2

No, you don't need to report it, and in the US it won't be reported either due to privacy laws. The school handled it and it is done. Move on. I worry about the professor, actually. If you cited the original it isn't plagiarism in fact. But if you quote it (rather than paraphrasing)with citation then it should be clearly "quoted" using some sort of ...


9

I have an engineering degree from one of the top 20 colleges in India and my observation has been that my Professors were usually those who got Phd from IITs (most elite colleges in India). So when you say "more academic value", it depends on what you mean exactly. If it is teaching job, then what matters is also which college in India grants you ...


35

You are missing an important angle. Where do you want to go after your PhD? In German there is the word "Stallgeruch" which roughly translates to "the smell of the own stable". Don't underestimate this. If you decide that you want to have a job or academic future at place X, doing your PhD at or near X provides you with a network near X (...


9

I'm going to preface this answer by noting that I am of Indian heritage myself, before the accusations of racism start. Yes, a PhD from an American university is much more valuable. Even putting aside the issue of university rankings, the fact is that the United States is the world's only superpower and has been largely responsible for most of the world's ...


61

While I was an Indian undergrad in mathematics, I was told similar things by my friends who were doing, or planning to do, their graduation at universities abroad. Specifically, they told me that: The top universities abroad are better than the top universities in India for graduate education. Even if I were to be admitted to a good university abroad whose ...


1

Oh, it doesn't really matter. If it is course-based CS master, not researched-based CS master, then a recommendation letter only takes a very very small portion of it, so whether it is from a math professor or a CS professor doesn't differ too much. GPA is the most important. One of my friends who worked in the admission process before told me that the first ...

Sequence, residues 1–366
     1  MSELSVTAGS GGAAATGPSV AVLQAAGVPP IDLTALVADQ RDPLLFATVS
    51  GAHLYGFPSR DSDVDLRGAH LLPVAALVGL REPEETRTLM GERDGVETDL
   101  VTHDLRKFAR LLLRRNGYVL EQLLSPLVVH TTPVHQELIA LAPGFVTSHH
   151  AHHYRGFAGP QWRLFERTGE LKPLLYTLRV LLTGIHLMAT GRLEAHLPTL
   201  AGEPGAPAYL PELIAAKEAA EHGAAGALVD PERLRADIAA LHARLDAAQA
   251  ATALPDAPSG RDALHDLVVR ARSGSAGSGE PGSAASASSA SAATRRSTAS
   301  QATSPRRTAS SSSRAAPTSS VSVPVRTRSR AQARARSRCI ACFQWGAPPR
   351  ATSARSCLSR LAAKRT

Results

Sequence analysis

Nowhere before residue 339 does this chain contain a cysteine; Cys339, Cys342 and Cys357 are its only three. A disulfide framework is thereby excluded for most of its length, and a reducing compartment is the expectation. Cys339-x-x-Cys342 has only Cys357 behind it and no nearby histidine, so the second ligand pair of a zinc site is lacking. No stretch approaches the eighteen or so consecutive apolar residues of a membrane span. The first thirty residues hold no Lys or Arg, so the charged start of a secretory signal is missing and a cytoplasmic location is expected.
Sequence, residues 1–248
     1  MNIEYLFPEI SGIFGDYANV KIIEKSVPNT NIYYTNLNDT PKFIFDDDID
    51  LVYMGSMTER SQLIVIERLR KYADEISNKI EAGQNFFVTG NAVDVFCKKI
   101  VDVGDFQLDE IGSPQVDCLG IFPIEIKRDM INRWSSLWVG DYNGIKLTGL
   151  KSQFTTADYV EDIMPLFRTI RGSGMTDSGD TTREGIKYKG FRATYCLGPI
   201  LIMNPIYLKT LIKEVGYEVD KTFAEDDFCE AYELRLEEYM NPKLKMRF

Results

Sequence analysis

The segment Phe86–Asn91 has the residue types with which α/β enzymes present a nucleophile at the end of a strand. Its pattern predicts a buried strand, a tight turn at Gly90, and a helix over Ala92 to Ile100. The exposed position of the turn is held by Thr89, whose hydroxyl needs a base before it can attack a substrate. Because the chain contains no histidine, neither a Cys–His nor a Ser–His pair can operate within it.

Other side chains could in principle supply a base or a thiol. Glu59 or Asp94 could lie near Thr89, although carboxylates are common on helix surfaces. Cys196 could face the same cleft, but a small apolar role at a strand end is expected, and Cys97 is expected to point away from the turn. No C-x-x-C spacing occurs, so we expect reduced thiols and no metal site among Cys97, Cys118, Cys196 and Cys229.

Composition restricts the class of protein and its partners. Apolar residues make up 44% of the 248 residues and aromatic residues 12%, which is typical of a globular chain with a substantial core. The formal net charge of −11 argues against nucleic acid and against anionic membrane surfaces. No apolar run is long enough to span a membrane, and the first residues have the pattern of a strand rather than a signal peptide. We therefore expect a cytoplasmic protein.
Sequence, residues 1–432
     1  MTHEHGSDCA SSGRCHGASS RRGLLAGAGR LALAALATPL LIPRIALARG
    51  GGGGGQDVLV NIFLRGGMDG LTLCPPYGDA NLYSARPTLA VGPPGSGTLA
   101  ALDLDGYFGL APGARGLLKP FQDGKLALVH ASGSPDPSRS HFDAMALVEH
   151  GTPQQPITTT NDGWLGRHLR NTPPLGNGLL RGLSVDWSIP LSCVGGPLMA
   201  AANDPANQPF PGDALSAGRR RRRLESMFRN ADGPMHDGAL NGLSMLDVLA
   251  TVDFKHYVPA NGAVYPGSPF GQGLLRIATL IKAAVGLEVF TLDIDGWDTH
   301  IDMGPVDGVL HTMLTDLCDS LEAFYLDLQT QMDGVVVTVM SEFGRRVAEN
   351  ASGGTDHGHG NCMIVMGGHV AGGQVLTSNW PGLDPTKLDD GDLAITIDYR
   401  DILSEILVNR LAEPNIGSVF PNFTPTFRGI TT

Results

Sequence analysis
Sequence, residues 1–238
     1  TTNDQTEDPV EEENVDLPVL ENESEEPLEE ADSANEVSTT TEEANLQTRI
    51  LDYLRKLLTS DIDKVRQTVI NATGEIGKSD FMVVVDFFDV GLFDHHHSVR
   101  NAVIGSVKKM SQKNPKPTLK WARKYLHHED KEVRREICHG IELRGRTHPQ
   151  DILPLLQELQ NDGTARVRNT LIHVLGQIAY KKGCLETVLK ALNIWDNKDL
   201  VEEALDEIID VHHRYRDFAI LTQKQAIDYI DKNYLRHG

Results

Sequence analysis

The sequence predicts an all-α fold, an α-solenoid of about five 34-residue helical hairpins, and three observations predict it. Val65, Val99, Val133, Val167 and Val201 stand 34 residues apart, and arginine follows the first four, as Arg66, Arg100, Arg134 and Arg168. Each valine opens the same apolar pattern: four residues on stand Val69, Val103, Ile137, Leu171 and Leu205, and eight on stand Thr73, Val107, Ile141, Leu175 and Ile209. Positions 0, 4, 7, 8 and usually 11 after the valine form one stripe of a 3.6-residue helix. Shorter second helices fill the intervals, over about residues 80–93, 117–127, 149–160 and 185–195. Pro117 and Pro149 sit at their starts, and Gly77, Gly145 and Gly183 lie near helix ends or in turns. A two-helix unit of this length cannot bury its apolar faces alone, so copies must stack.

0

I speak, with trepidation, because of my former membership in three IRBs. I became a member in two cases because I got in trouble myself. When I was a member I pressed for scrupulous adherence to the law and institutional policy. IRB members and staff are frequently fuzzy on both. As a member I needed to have a copy of the law, the regulations, and ...


3

Switching labs at PhD level should be quite the exception and it should only happen if nothing else works. It definitely should not be a planned move. You'll upset your old supervisor and the new one will be wary of you. If you stay at the same institution, chances are nobody will want to touch you if you do such a switch. Better to right away come clean to ...


5

The reason it is difficult to answer this is that it can depend to a large extent on personalities. A "new" advisor might not want to take you on thinking about their relationship with the "old" advisor. The "old" advisor might feel insulted and cause problems for you. You might, after a year, have responsibilities to the ...


1

It really depends on exactly what you are doing: "surveys" and "psychological experiments" are not the same. The regulations providing for IRBs in the United States are governed by the Common Rule, a policy of the Department of Health and Human Services. The first paragraph: §46.101 To what does this policy apply? (a) Except as detailed ...